Scanning negatives and slides is harder than scanning paper prints. In most cases it is easier and maybe cheaper to use a professional scanning service (such services include www.slidescanning.com, www.myspecialphotos.com, www.pixmonix.com and many more). If you want to scan at home your standard flat scanner will not be good enough. In most cases you will need to spend money on purchasing a film/slides scanner. Those scanners are more expensive than the flat paper scanners. Negatives and slides are small high resolution sources and thus require scanning at higher DPI than paper prints. In most cases 2400DPI or higher should be used.

    The considerations for scanning negatives and slides are similar to scanning paper prints. If you need to scan just a few negatives or slides speed and ease are not important but if you’re going to scan hundreds or more you should spend more money on scanners that can feed the negatives or slides automatically or can just load a roll of film and scan it.

    The good news is that in most cases scanning negatives is not needed at all. For most amateurs and consumers scanning home photo paper prints is more than enough and scanning the source negatives is a not needed. It is recommended of course to keep the negatives in a safe place. You can use the digital scans for future prints or just for viewing on your computer screen and sharing with your friends and family.

    In conclusion scanning your photo paper prints is easy. You can do it yourself at home or you can use a professional scanning service. You can convert all your memories into digital format with a small investment and make sure that you can enjoy those photos and also keep them in their original quality for eternity.


    Digital Photography Success | Web Article Directory

    Where there is no vision, the people perish.
    Proverbs 29:18

    The earth is the LORD’s and everything in it, the world, and all who live in it; for he founded it upon the seas and established it upon the waters.
    Psalm 24:1-2

    He makes springs pour water into the ravines; it flows between the mountains. They give water to all the beasts of the field; the wild donkeys quench their thirst. The birds of the air nest by the waters; they sing among the branches. He waters the mountains from his upper chambers; the earth is satisfied by the fruit of his work.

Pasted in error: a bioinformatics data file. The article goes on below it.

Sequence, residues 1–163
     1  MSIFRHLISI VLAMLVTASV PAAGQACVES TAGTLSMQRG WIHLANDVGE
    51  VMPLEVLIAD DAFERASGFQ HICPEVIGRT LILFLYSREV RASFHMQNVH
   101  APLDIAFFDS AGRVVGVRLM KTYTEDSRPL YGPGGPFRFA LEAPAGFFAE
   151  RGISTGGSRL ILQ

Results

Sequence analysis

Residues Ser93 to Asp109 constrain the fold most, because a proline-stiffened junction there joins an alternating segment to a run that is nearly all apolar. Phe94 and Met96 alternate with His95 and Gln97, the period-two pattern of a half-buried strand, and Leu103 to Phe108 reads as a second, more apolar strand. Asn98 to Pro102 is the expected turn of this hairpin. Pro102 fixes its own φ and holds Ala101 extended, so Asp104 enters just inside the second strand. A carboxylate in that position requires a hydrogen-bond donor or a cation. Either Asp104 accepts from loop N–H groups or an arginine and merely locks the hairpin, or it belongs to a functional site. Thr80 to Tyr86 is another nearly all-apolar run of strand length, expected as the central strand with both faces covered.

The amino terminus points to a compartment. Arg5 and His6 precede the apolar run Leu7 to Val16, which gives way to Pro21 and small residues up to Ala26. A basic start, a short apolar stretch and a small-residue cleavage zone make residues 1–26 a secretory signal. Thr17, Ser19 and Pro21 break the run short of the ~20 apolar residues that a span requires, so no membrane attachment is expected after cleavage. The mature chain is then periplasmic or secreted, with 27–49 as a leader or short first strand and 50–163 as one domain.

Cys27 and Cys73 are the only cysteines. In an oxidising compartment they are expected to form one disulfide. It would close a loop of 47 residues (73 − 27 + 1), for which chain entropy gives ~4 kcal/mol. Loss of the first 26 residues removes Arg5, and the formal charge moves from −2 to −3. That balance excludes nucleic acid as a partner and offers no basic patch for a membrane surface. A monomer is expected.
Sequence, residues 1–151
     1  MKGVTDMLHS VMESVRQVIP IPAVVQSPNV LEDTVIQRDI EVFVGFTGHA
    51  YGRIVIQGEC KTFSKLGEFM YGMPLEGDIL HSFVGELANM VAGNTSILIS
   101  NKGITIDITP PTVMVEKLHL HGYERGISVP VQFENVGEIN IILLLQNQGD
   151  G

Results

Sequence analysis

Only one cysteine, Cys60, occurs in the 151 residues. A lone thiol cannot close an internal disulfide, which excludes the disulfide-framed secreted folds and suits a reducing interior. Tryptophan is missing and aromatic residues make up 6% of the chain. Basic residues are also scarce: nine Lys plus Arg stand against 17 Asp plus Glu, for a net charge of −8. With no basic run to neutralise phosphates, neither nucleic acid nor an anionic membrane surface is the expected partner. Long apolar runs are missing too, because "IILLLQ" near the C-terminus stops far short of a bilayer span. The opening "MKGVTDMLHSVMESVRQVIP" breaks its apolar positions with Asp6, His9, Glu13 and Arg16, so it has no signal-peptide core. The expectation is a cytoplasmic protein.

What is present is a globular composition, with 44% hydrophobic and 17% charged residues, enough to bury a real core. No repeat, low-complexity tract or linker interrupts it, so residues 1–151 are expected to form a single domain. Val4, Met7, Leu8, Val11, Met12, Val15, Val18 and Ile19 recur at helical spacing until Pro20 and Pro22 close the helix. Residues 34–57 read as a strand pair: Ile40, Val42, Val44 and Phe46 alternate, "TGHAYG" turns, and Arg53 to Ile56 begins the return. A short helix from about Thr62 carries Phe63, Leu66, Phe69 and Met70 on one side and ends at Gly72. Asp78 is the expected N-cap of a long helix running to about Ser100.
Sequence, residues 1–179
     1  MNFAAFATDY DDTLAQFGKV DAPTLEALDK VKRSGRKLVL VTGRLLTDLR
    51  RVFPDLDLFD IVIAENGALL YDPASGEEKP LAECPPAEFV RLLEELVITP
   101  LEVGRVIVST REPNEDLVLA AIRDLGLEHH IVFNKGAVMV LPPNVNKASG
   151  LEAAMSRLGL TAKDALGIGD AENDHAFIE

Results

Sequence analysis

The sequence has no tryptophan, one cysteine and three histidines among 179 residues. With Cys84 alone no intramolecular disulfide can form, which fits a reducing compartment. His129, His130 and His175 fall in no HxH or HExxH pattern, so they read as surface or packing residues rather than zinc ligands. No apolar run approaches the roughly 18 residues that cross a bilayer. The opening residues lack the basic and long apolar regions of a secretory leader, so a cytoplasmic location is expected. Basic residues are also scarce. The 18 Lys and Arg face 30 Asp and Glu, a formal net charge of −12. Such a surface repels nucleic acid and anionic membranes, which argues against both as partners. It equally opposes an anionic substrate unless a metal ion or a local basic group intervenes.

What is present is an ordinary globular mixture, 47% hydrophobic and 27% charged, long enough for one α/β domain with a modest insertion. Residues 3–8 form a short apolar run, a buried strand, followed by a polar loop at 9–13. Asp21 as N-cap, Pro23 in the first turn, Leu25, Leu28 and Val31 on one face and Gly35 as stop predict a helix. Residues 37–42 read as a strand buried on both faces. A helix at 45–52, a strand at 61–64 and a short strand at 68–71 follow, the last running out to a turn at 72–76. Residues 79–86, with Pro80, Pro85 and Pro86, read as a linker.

Psalm 104:10-13

    Look at the birds of the air; they do not sow or reap or store away in barns, and yet your heavenly Father feeds them. Are you not much more valuable than they?
    Matthew 6:26

    How many are your works, O LORD! In wisdom you made them all; the earth is full of your creatures. There is the sea, vast and spacious, teeming with creatures beyond number living things both large and small.
    Psalm 104:24-25

    Sometimes I do get to places just when God’s ready to have somebody click the shutter.
    Ansel Adams

    When you photograph people in colour you photograph their clothes. But when you photograph people in B&W, you photograph their souls!
    Ted Grant

    While there is perhaps a province in which the photograph can tell us nothing more than what we see with our own eyes, there is another in which it proves to us how little our eyes permit us to see.
    Dorothea Lange

    When words become unclear, I shall focus with photographs. When images become inadequate, I shall be content with silence.
    Ansel Adams

    Your first 10,000 photographs are your worst.
    Henri Cartier-Bresson

    You don’t take a photograph, you make it.
    Ansel Adams

    Beauty can be seen in all things, seeing and composing the beauty is what separates the snapshot from the photograph.
    Matt Hardy

    Nothing happens when you sit at home. I always make it a point to carry a camera with me at all times…I just shoot at what interests me at that moment.
    Elliott Erwitt

    Which of my photographs is my favorite? The one I’m going to take tomorrow.
    Imogen Cunningham

    You’ve got to push yourself harder. You’ve got to start looking for pictures nobody else could take. You’ve got to take the tools you have and probe deeper.
    William Albert Allard

    If I saw something in my viewfinder that looked familiar to me, I would do something to shake it up.
    Garry Winogrand

    I always thought good photos were like good jokes. If you have to explain it, it just isn’t that good.
    Anonymous

    Twelve significant photographs in any one year is a good crop.
    Ansel Adams

    It can be a trap of the photographer to think that his or her best pictures were the ones that were hardest to get.
    Timothy Allen